by Jesse Galef –
I have an announcement about Hemant. Heads up: I’m going to gush a bit.
Today marks the start of the Secular Student Alliance’s Annual Conference, which promises to be an exciting weekend full of inspiration, camaraderie, and – let’s face it – a whole lot of fun. We (full disclosure: yes, we – I work for the SSA) have a great line-up speakers including Dan Barker, PZ Myers, Greta Christina, Dave Silverman, Jamila Bey, and on and on… and Hemant!
But Hemant will be doing more than giving a talk on “The Need for Critical Thinking in Public Schools”. This year we’re also presenting Hemant with the 2011 Freethought Backbone Award.
Every year our national conference, the Secular Student Alliance presents the Freethought Backbone Award to an individual within the freethought movement who is a guide and inspiration for secular students and student groups – someone who has demonstrated a commitment to the secular values of scientific and critical inquiry, democracy, secularism, and human-based ethics.
In the past this award has been presented to such notable figures as Ellery Schempp, plaintiff in the landmark Supreme Court case Abington vs. Schempp; Herb Silverman, president and founder of the Secular Coalition for America; Dan Barker, Co-President of the Freedom from Religion Foundation; and Lori Lipman Brown, former Director of the Secular Coalition for America.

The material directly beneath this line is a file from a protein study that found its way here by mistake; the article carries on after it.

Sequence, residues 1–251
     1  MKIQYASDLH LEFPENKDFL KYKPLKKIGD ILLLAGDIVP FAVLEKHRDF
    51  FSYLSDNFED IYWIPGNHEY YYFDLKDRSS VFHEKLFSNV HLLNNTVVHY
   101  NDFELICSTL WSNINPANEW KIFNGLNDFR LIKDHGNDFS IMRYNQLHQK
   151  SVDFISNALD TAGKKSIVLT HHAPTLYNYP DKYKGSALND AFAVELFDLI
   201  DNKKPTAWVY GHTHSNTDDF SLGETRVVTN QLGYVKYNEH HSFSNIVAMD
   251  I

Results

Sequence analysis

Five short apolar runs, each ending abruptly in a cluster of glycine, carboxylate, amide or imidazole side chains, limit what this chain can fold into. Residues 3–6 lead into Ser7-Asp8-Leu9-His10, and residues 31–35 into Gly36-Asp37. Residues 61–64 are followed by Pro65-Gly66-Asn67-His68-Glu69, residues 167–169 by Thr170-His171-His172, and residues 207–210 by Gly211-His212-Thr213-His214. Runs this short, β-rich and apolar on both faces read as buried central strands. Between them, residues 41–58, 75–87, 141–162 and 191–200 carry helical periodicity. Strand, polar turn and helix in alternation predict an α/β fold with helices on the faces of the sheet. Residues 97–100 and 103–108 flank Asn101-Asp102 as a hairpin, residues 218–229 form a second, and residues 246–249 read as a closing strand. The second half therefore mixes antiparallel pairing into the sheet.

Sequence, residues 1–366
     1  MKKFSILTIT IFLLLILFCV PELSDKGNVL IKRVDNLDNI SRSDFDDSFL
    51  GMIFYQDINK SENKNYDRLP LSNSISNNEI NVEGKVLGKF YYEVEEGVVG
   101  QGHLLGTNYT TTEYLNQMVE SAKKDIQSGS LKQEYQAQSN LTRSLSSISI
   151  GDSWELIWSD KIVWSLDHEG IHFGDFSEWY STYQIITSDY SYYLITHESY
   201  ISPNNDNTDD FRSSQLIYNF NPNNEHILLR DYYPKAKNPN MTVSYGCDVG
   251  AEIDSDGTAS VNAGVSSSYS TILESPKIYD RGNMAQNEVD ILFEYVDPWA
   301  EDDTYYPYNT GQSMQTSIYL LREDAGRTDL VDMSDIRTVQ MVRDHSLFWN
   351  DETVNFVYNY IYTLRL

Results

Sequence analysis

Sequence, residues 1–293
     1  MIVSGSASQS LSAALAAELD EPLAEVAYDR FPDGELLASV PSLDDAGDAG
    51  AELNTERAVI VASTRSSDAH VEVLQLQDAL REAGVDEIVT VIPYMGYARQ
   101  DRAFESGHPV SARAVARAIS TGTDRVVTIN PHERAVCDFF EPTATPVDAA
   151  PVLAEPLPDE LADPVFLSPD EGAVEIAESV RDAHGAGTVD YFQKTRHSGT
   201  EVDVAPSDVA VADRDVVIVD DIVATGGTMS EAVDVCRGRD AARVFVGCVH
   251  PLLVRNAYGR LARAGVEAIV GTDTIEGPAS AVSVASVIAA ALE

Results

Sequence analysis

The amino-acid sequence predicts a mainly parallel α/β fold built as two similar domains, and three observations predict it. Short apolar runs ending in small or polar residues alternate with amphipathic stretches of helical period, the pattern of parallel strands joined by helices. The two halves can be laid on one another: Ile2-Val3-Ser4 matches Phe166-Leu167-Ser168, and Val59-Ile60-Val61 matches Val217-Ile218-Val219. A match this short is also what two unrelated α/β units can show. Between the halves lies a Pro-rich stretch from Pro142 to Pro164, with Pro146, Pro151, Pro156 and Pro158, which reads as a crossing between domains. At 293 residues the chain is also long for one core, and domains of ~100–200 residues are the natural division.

It’s rare for the honor to go to someone so young – Hemant is only 28 – but his impact on the secular student movement has been incredible. From an organizational standpoint, he’s been involved for years. In college, Hemant helped establish UIC’s first secular student group, he served as CFI’s student president, and was on the Secular Student Alliance’s Board of Directors (acting as Chair of the Board for 5 years) for so long he got term-limited off.
But it’s what he’s has done outside the organizations that really sets him apart. Hemant has been an excellent role model for the kind of positive engagement I wish we saw more often. His book, “I Sold My Soul on Ebay” is a story of his experience visiting churches to share his outsider perspective with them. He’s continued engaging with “the other side”, speaking at churches and religious events to present the friendly face of a nontheist. I remember his talk for the 2010 SSA Conference, where he told the room full of student leaders how productive it had been to reach out to Laurie Higgins of the anti-gay Illinois Family Institute to get coffee with her. I can’t think of a better “guide and inspiration” for secular student leaders to follow.
Not only is the Friendly Atheist blog bringing the secular community together around humanist ideals, it’s bringing more people into that community. There’s no telling how much of an impact this blog has had on people questioning their faith, curious about atheists, or long-time doubters looking for others who think like them. For years, the Friendly Atheist community has been a place for all of them.
Sorry to gush, but I really am proud. I’m proud to be a part of Hemant’s Friendly Atheist blog, proud to consider Hemant a friend, and proud to see him honored with this award. Congratulations Hemant Mehta on being presented the Secular Student Alliance’s Freethought Backbone Award of 2011.